September 12, 2010 / 10:39 PM / 9 years ago

Boyle, Franco challenged in survival film "127 Hours"

TORONTO (Reuters) - How do you make a compelling film when your lead character is trapped by a boulder and unable to move for most of the story?

Director Danny Boyle attends a news conference to promote the film "127 Hours" during the 35th Toronto International Film Festival September 12, 2010. REUTERS/Fred Thornhill

Director Danny Boyle, coming off the success of the Oscar-winning film “Slumdog Millionaire”, rose to the challenge with his fact-based feature, “127 Hours”, which premiered at the Toronto International Film Festival this week.

“There’s something I love about that idea, of that inability (to move) at the center of a film,” he told Reuters in an interview.

“It’s an extraordinary challenge to a filmmaker and an actor. There’s an inertness, which completely contradicts what film is ... it’s movement through the camera, everything is moving all the time,” Boyle said.

“127 Hours,” which opens across North America on November 5, is a harrowing yet uplifting film about the survival of mountaineer Aron Ralston, 34, whose right arm became pinned during a 2003 hiking trip in an isolated Utah canyon.

After days of trying to dislodge himself, Ralston cut off the lower portion of his arm using a dull blade and then hiked until he found help.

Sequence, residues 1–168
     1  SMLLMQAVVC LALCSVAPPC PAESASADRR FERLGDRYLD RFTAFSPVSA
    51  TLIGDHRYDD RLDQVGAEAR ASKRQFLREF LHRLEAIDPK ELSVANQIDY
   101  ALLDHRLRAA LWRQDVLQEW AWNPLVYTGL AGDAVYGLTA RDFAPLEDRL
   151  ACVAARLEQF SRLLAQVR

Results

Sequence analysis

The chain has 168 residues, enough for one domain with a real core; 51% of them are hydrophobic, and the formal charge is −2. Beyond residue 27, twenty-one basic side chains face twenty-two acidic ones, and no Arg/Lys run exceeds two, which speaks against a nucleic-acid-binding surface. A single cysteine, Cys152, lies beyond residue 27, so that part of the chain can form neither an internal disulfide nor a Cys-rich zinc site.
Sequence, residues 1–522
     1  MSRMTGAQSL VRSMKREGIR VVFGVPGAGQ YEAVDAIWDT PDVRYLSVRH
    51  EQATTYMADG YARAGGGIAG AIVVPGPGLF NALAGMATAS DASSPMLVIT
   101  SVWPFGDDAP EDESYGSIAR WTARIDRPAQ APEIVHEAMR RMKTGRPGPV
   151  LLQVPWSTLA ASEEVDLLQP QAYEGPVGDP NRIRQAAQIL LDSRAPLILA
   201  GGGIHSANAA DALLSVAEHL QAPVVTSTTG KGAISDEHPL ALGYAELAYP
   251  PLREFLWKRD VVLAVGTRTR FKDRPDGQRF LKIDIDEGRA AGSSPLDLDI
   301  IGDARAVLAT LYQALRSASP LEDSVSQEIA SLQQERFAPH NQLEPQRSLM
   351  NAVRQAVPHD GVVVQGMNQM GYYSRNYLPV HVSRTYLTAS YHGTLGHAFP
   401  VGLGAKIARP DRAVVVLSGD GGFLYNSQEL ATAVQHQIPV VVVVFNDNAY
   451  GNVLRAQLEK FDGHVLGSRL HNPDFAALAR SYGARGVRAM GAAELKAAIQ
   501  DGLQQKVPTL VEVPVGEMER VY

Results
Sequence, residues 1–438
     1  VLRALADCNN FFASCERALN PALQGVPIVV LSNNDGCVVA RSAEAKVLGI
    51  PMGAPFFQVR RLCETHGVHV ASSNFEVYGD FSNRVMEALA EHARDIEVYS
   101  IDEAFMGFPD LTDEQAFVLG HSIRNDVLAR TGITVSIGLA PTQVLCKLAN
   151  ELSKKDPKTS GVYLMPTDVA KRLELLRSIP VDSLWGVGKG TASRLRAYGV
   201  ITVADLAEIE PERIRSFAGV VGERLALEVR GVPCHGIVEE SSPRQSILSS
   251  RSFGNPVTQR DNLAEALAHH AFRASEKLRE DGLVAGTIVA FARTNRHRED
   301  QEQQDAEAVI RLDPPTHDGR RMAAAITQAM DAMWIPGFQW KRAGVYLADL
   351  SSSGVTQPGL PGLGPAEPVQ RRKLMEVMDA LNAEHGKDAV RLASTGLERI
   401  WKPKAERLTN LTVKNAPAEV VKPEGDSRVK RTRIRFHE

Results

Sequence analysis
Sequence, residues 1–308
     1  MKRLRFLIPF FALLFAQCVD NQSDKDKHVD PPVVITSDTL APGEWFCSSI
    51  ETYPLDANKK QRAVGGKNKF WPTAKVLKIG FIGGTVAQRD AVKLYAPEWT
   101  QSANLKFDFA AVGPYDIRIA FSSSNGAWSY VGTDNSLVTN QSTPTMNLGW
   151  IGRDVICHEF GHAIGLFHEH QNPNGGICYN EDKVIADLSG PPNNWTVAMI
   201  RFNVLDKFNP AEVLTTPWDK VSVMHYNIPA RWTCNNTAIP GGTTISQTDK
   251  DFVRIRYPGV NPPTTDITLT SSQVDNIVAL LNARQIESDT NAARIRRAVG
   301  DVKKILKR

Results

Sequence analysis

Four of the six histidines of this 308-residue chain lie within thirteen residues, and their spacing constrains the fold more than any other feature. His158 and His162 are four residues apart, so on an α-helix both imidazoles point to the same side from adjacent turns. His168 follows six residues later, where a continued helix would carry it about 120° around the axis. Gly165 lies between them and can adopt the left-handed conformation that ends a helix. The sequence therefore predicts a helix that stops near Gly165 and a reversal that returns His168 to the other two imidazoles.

The audience spends a good portion of the 94-minute film trapped alongside Ralston, played by James Franco, in a single spot within a narrow crack inside Blue John Canyon.

When Franco first read the script, it was roughly 80 pages of mostly description. He wondered, “How am I going to use that kind of material and make it dramatic, make it tell a story?”

“It’s a very tricky thing to be able to turn that into something that’s full of energy and ups and downs,” Franco said during the interview.

Boyle and screenwriter Simon Beaufoy used monologues with a video camera and visions to draw viewers into Ralston’s experience.

The video diaries were based on real video entries Ralston made during his experience and are told from the perspective of someone who thought he would die in the canyon.

Boyle said the video camera was like having another character. Along with a bird that flew above in the mornings, the camera was Ralston’s only relationship.

“With the video diary, it was a chance for the character to really just pour his heart out,” Franco, adding that some of the entries were fictionalized. “Who’s to say he didn’t have a message where he broke down or did some crazy things and then went back and erased it?”

“I think he wanted to leave a dignified last message for his parents if he could,” Boyle added.

Interspersed with the diaries and Ralston’s attempts to extricate himself are visions that he has of his friends and family, past memories, and his future son, who Ralston said during a press conference on Sunday was ultimately what motivated him to make that final, desperate push to escape.

Franco, who has been perpetually busy with film and TV projects and recently started a Ph.D. in English and film studies at Yale University, won the role after giving a very moving reading of one of the video diaries, Boyle said.

“As soon as I heard him read it, I thought, that’s him.”

Editing by Paul Simao

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